> On Sep 19, 2016, at 1:24 AM, Martin R via swift-dev <swift-...@swift.org> 
> wrote:
> I noticed that both UnsafePointer and UnsafeMutablePointer have the identical 
> method
>    public func withMemoryRebound<T, Result>(to: T.Type, capacity count: Int, 
> _ body: (UnsafeMutablePointer<T>) throws -> Result) rethrows -> Result
> so that rebinding an immutable pointer gives you a _mutable_ pointer. That is 
> different from what
>    Unsafe[Mutable]Pointer<Pointee> {
>      func withMemoryRebound<T>(to: T.Type, capacity count: Int,
>        _ body: (Unsafe[Mutable]Pointer<T>) throws -> ()) rethrows
>    }
> in 
> https://github.com/apple/swift-evolution/blob/master/proposals/0107-unsaferawpointer.md
>  indicates. Perhaps I am misunderstanding something. Shouldn't rebinding an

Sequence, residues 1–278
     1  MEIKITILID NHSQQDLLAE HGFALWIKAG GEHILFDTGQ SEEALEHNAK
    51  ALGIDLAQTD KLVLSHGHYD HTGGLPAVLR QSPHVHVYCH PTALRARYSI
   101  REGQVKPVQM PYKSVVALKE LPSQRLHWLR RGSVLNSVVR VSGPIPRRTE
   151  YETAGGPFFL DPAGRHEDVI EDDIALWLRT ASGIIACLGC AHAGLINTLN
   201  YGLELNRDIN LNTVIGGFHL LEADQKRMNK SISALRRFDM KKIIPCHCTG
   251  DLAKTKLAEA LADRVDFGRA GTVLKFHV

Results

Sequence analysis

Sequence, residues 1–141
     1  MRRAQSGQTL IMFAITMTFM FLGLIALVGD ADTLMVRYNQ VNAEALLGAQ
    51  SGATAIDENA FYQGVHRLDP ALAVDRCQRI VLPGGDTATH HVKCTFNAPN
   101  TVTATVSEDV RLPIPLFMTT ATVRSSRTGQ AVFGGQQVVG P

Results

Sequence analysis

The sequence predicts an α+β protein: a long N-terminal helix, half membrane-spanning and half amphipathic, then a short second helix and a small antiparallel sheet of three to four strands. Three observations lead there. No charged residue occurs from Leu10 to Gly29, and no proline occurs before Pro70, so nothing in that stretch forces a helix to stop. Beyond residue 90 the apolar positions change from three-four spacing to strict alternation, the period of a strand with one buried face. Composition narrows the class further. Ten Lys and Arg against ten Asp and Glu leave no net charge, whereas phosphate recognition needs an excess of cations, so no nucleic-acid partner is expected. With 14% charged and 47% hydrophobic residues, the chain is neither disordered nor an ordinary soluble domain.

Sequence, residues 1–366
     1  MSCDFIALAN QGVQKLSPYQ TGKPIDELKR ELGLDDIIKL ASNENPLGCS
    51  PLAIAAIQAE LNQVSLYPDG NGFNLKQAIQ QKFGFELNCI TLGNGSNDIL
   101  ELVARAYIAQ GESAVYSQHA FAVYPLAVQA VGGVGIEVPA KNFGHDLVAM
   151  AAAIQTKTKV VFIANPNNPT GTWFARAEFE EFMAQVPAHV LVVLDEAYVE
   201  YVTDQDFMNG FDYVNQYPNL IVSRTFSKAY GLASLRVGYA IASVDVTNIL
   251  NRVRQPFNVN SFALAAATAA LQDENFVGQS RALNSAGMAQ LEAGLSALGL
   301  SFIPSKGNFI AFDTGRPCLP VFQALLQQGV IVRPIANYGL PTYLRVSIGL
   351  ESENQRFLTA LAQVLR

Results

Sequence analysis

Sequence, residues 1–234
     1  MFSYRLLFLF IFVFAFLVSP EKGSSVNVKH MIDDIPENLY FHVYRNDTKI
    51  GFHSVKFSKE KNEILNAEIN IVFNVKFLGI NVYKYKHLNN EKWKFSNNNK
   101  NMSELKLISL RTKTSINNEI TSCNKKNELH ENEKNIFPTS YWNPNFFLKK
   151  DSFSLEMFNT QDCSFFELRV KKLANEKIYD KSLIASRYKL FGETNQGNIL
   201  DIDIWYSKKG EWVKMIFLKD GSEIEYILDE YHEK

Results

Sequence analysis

> UnsafePointer result in an UnsafePointer again?
> Martin

I think you’re right about that. I didn’t notice the discrepancy until source 
breaking changes were frozen and was concerned that fixing it would be more 

Some users may migrate their code to:

constPtr.withMemoryRebound(to: T.self, capacity: 1) {

We probably want them to be more explicit:

constPtr.withMemoryRebound(to: T.self, capacity: 1) {
 takesMutablePointer(UnsafeMutablePointer(mutating: $0))

We could possibly justify correcting this in Swift 3 though on these grounds:

- It’s effectively a bug considering that the proposal and implementation are 
- There is a correct way write the code that will continue to work before and 
after fixing the bug.
- A simple fixit will tell them to add the “mutating” label.

If not, it’s something I was already planning to roll into Swift 4.


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